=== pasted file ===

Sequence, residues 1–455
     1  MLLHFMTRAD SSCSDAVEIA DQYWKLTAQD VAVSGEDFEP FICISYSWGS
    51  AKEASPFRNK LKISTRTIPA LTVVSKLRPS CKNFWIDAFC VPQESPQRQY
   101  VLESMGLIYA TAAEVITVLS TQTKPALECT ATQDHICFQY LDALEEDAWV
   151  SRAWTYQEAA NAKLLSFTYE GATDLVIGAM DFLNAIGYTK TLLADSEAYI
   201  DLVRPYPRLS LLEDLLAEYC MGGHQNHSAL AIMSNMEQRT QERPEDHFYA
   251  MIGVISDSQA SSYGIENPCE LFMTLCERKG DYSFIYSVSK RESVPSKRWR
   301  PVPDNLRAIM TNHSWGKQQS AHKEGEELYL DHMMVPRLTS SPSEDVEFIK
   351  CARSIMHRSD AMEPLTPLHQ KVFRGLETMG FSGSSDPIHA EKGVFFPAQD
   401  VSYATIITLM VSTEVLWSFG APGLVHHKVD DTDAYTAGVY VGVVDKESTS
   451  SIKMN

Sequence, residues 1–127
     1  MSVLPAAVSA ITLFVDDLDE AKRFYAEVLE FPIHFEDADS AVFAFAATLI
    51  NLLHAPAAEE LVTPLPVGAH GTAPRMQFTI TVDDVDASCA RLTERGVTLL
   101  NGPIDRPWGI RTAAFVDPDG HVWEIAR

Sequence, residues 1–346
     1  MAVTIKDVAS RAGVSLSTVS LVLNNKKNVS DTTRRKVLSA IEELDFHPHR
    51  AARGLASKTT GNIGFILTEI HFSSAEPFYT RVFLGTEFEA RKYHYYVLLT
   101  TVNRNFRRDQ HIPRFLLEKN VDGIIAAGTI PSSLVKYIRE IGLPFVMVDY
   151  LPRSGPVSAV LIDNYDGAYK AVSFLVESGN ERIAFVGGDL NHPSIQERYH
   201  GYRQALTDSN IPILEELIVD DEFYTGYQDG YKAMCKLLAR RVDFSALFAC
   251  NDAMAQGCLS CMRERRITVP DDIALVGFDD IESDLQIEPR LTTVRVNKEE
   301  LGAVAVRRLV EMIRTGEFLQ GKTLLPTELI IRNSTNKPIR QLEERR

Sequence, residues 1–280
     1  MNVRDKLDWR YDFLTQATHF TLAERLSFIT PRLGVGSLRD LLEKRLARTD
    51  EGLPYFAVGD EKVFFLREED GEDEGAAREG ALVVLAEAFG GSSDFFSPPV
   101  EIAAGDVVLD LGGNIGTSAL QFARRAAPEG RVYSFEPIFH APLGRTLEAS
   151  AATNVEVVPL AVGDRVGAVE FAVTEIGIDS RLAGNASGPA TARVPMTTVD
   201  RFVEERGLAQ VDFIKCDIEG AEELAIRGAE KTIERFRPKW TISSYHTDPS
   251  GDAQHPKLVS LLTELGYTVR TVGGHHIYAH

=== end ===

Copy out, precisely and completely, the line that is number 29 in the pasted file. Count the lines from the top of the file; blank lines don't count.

   201  RFVEERGLAQ VDFIKCDIEG AEELAIRGAE KTIERFRPKW TISSYHTDPS